Mount of SAMBA share via fstab ignores file permissions and somehow sets its own

Asked by Martin Johannes Dauser on 2018-12-13

This problem seems to be introduced by one of the latest SAMBA updates of bionic 18.04 and xenial 16.04. Our Debian stretch 9.5 clients operate as expected. The SAMBA server is running RHEL7.5 .

If we mount the SAMBA share via fstab entry, file permissions on the client are altered to allow anybody to read or execute files -- or access directories. It's possible to set file_mode and dir_mode in fstab to mitigate this behaviour, still we'd love to know why it happens.

//server.fqdn/samba /samba cifs noauto,user,username=user,file_mode=0600,dir_mode=0700

Hopefully it's not a bug.

Greetings
Martin

## Debian CLIENT#########

/etc/fstab
//server.fqdn/samba /samba cifs user,noauto,username=user 0 0

$mount /samba
$ls -lah /samba
drwx------+ 2 user group 0 Dez 13 15:39 .
drwxr-xr-x 1 root root 282 Dez 13 14:53 ..
-rw-------+ 1 user group 0 Dez 13 15:39 touch.file

As ACL is set too:

$ getfacl /samba/touch.file
# file: samba/touch.file
# owner: user
# group: group
user::rw-
group::---
other::---

## Ubuntu CLIENT#########

/etc/fstab
//server.fqdn/samba /samba cifs user,noauto,username=user 0 0

$ mount /samba
$ ls -lah /samba
drwxr-xr-x 2 user group 0 Dez 13 15:39 .
drwxr-xr-x 31 root root 4,0K Dez 13 15:46 ..
-rwxr-xr-x 1 user group 0 Dez 13 15:39 touch.file

$ umount /samba
$ ls -lah /samba
drwx------ 2 user group 4,0K Dez 13 15:46 .
drwxr-xr-x 31 root root 4,0K Dez 13 15:46 ..

## RHEL SERVER #########

#ls -lah of server.fqdn:/srv/share/samba/user
drwx------. 2 user group 31 13. Dez 15:39 .
drwxr-xr-x. 9 root adm 4,0K 13. Mär 2018 ..
-rw-------. 1 user group 0 13. Dez 15:39 touch.file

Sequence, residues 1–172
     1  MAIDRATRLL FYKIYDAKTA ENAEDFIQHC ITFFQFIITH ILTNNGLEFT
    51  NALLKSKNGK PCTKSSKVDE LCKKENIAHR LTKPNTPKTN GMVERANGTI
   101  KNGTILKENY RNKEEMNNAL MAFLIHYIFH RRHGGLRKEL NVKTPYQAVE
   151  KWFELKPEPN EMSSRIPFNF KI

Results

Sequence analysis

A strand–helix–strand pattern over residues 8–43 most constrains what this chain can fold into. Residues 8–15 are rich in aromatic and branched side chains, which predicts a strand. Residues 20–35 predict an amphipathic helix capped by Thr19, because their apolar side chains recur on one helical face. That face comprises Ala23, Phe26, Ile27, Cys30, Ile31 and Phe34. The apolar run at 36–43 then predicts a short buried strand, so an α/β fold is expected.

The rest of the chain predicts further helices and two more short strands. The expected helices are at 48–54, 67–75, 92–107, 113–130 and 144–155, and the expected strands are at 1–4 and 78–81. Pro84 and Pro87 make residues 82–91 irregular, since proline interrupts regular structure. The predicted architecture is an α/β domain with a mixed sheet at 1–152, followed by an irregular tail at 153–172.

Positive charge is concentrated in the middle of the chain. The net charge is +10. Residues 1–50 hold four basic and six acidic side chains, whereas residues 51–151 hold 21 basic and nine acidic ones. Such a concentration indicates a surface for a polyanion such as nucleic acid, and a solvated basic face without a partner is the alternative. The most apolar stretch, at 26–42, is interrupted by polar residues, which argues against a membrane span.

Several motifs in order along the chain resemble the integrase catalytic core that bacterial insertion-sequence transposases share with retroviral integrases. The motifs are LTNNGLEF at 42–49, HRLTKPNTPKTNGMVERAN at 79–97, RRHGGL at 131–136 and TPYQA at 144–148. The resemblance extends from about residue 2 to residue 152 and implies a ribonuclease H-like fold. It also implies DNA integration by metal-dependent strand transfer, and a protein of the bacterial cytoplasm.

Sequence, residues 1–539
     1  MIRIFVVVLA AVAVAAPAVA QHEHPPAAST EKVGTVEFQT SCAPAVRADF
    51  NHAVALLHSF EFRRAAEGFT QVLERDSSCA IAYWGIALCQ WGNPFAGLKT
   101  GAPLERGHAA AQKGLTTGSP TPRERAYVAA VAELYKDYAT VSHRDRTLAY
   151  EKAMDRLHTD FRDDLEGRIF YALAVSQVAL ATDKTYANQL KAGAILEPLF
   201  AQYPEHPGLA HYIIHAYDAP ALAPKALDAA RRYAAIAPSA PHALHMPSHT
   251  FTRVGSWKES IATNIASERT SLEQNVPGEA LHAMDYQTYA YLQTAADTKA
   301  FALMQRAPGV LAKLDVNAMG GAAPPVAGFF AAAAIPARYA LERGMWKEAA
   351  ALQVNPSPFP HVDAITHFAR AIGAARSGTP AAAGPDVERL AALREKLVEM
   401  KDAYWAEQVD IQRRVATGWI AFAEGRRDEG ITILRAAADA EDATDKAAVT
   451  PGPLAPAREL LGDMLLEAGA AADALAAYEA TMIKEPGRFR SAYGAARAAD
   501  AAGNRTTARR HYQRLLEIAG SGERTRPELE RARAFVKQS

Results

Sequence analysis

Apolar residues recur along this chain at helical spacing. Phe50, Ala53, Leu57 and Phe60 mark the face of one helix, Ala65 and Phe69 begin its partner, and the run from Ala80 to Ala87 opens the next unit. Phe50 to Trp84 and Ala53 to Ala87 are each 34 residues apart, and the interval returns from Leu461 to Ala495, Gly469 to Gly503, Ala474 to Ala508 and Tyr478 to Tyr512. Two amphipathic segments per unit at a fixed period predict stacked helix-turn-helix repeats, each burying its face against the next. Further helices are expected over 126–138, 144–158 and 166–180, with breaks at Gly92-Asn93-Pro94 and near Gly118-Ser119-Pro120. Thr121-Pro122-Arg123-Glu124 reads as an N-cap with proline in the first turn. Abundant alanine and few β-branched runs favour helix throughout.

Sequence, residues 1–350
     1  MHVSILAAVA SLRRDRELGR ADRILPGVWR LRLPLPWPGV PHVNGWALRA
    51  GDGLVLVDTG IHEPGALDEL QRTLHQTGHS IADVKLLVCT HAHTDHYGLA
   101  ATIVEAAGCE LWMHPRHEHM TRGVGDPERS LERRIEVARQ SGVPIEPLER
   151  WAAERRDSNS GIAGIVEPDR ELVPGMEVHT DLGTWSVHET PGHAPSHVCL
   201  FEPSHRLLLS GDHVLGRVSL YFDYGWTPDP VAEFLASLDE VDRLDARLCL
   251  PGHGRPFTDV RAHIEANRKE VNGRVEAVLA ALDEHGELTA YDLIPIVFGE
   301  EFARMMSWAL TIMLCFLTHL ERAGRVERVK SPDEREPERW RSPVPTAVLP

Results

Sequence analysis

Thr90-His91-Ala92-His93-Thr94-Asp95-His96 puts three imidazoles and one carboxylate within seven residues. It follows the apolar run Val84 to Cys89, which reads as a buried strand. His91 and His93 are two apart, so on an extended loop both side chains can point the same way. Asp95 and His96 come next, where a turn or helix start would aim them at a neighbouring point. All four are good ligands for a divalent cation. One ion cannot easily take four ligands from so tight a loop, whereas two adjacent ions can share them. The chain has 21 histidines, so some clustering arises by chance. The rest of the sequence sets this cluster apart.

server.fqdn:/etc/samba/smb.conf
[global]

        server string = Samba Server Version %v
        netbios name = server
        netbiosaliases = file
        workgroup = CS

        hosts allow = 127., 192.168.1.0/24

        security = user
        passdb backend = tdbsam
        username map = /etc/samba/usermap
        encrypt passwords = true

        load printers = no
        printcap name = /dev/null
        disable spoolss = yes

[homes]
        comment = Home Directories
        browseable = no
        writable = yes
        create mask = 0700
        directory mask = 0700

[samba]
        browsable=yes
        create mask = 0700
        directory mask = 0700
        path =/srv/shares/samba/%u
        writeable= yes

# smbstatus
Samba version 4.7.1
PID Username Group Machine Protocol Version Encryption Signing
----------------------------------------------------------------------------------------------------------------------------------------
1384 user group 192.168.1.51 (ipv4:192.168.1.51:43066) SMB3_02 - partial(AES-128-CMAC)

Question information

Language:
English Edit question
Status:
Solved
For:
Ubuntu cifs-utils Edit question
Assignee:
No assignee Edit question
Solved by:
Martin Johannes Dauser
Solved:
2018-12-18
Last query:
2018-12-18
Last reply:
2018-12-17

Hi wesam66,

the problem with the fstab entry is, that you are bound to those permissions and you can't alter them as user.

Another possibility is to create an extra parent ordner and mount the SAMBA share as a subfolder. The parent folder then needs strict permissions, so nobody but the owner may enter this folder or subfolders:

/etc/fstab
//server.fqdn/samba /parent/samba cifs user,noauto,username=user 0 0

# mkdir -p /parent/samba
# chown -r user:group /parent
# chmod 700 /parent

$ mount /parent/samba
$ ls -lah /parent
drwx------ 1 user group 10 Dez 18 15:45 .
drwxr-xr-x 31 root root 4,0K Dez 18 15:45 ..
drwxr-xr-x 2 user group 0 Dez 13 15:39 samba

Of course you can create this parent folder within the home folder too. This will give more leeway to the user. Still this isn't a solution but a mitigation.

Mitsuketa!

Till now mapping of POSIX/UNIX permissions is only possible with cifs unix extensions. But this one is deprecated as it only supports SAMBA protocol version SMB1.

Per default Debian clients still connect via SMB1 to get correct POSIX permissions, whereas Ubuntu now defaults to SMB3, which means you'll lose mapping of permissions: "Note that when connecting using SMB2 or SMB3 protocols the UNIX extensions are no longer available inside the smbclient command set. This is due to UNIX extensions not yet being defined for the SMB2 or SMB3 protocols." (quoting https://www.samba.org/samba/history/samba-4.1.0.html)

There is a SMB3 POSIX Extension -- but not ready yet. See https://wiki.samba.org/index.php/SMB3-Linux

To regain unix permissions you need to drop to SMB1:

/etc/fstab
//server.fqdn/samba /parent/samba cifs user,noauto,vers=1.0,username=user 0 0

To some extend the problem is solved. Improvements are expected upstream.